NW Water wins Thai contract: Privatised utility given pounds 160m order to design sewerage network for Bangkok

NORTH WEST WATER, the privatised utility, has won a pounds 160m contract from the Thai government to provide a sewerage network and treatment facility for Bangkok.

The project underlines the success of North West's overseas expansion programme. The company has already won four other international contracts this year.

The Bangkok project will supply the Thai capital with its first modern waste water treatment facilities.

Pollution and a rapidly expanding population have forced the government to act. At present raw sewage runs straight into the city's network of canals before reaching the Chao Phraya river.

North West won the contract at the head of a consortium that includes Siam Syntech Construction, Sino-Thai Engineering & Construction and OTV. The consortium, in which North West has a 50 per cent stake, beat off competition from seven other bidders.

Bob Thian, North West's chief executive, stressed that his company's role would be the design, project management and operation of the new facilities. Siam Syntech and Sino-Thai will be responsible for construction and will bear the financial risks of that operation.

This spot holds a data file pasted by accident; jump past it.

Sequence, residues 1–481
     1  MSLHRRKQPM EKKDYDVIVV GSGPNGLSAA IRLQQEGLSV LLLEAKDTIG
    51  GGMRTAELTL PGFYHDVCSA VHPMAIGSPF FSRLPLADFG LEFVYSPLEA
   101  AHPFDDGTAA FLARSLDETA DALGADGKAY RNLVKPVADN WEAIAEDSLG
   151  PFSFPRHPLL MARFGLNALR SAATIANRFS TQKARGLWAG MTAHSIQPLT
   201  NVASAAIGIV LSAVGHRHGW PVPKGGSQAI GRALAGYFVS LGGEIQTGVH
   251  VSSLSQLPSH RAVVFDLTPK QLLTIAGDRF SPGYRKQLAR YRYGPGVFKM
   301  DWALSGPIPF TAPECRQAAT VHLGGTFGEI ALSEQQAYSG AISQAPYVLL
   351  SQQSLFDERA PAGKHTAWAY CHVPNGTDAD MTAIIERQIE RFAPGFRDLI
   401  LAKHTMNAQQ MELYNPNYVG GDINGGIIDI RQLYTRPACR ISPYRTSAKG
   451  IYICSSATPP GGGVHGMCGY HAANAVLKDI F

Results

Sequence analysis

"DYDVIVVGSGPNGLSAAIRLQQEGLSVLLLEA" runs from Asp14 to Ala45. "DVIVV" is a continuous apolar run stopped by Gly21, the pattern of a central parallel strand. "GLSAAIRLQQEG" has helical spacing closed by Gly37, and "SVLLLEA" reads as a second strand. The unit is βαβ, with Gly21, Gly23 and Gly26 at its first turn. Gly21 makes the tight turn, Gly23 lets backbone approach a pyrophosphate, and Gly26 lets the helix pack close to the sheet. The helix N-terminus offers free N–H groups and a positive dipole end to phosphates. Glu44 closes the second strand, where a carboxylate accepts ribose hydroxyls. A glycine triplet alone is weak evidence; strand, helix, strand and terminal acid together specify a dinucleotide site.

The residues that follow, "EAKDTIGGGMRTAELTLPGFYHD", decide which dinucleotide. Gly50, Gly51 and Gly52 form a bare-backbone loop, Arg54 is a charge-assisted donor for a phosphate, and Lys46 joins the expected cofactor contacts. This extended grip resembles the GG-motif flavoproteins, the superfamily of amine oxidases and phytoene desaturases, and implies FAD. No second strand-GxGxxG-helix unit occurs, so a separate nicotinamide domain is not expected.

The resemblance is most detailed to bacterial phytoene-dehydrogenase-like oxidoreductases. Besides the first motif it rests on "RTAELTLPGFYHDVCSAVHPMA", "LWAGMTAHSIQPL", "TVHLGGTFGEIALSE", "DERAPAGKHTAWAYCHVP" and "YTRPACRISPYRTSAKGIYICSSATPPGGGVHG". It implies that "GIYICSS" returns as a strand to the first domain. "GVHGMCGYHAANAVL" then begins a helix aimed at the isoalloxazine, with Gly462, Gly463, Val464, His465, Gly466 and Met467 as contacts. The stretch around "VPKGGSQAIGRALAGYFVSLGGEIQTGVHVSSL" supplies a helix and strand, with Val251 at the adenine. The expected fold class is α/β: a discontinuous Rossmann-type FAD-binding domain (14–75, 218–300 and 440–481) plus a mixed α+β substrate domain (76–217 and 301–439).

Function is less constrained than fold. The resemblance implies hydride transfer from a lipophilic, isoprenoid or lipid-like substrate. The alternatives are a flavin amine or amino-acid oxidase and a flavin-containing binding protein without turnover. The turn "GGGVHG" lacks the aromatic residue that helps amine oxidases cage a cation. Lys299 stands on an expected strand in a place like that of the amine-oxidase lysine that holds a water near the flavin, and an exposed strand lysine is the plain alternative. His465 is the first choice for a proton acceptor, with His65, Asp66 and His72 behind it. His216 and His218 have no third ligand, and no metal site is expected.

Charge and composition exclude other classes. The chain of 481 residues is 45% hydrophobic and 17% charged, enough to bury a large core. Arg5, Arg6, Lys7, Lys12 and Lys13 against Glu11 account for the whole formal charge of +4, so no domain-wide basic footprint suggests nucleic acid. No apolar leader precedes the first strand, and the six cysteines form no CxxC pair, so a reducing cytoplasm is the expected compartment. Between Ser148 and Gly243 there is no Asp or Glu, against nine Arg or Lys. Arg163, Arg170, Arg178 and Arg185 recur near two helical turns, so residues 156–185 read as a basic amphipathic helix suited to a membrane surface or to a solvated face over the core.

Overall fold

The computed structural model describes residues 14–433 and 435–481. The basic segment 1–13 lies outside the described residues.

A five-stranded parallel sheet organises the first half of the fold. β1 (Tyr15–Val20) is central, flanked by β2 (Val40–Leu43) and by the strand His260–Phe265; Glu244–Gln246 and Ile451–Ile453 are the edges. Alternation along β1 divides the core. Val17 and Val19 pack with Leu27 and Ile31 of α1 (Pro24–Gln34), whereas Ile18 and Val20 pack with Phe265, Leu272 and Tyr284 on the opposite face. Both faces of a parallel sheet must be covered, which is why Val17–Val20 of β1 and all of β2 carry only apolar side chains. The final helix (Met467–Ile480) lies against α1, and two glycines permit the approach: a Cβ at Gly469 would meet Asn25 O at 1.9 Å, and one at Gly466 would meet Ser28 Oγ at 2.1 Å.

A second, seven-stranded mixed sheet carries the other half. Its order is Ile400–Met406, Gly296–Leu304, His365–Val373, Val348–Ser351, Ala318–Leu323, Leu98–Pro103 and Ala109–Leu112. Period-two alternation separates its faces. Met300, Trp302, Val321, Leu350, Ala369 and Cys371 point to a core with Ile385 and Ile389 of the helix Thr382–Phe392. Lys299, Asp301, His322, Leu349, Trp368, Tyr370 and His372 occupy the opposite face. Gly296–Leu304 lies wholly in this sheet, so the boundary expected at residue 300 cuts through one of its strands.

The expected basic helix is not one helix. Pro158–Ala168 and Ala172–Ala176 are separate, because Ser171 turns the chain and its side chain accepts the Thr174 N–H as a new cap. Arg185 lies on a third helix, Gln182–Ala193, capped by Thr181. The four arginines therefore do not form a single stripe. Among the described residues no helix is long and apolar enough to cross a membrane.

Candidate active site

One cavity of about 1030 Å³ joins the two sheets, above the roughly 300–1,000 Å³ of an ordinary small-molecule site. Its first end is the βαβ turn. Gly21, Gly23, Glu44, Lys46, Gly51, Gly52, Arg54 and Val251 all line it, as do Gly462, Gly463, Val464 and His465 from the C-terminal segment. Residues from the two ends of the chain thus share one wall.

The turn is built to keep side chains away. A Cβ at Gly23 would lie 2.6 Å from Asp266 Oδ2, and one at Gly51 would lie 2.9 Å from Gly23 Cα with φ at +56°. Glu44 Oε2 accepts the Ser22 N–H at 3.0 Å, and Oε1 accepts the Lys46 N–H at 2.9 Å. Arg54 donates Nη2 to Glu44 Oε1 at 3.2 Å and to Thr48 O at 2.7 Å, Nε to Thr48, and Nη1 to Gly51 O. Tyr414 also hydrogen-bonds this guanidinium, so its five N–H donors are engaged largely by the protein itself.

'The reason for our success in winning these contracts overseas is that we have stuck rigorously to our core business of operating water and waste water utilities,' Mr Thian said. 'We are also in manufacturing, but even that is connected with making plant for water and waste water facilities.'

The attitude is in sharp contrast to some other privatised water utilities, which have diversified in an attempt to provide streams of non- regulated earnings.

Thames Water was forced to provide pounds 25m last week against problem contracts in the Third World.

Mr Thian stressed that the difference between North West and Thames was that his company was solely a project manager and operator whereas Thames was involved in construction.

He added that North West's strategy was for non-regulated business to provide 10 per cent of bottom-line profits within five years.

The Bangkok project runs for four years and will involve extensive micro-tunnelling to avoid the congestion that would result from open cutting. About 50km (31 miles) of interceptor sewers will be laid to pick up waste water from 430 outfalls. They will discharge into a five-kilometre tunnel that will carry the waste to the treatment plant.

Many of the pipes will be aligned beside or beneath the canal beds in what is expected to be the biggest pipe-jacking operation in the world, acording to North West.

North West's shares rose 8p to 538p.

Thailand's highly charged stock market is holding its breath for a late November public share offer by TelecomAsia Corporation, a private company franchised to install and service two million Bangkok telephone lines, Reuter reports.

Brokers said TA's partial flotation was keenly awaited by Thais and foreigners seeking a slice of the country's high-growth telecommunications industry.

(Photograph omitted)

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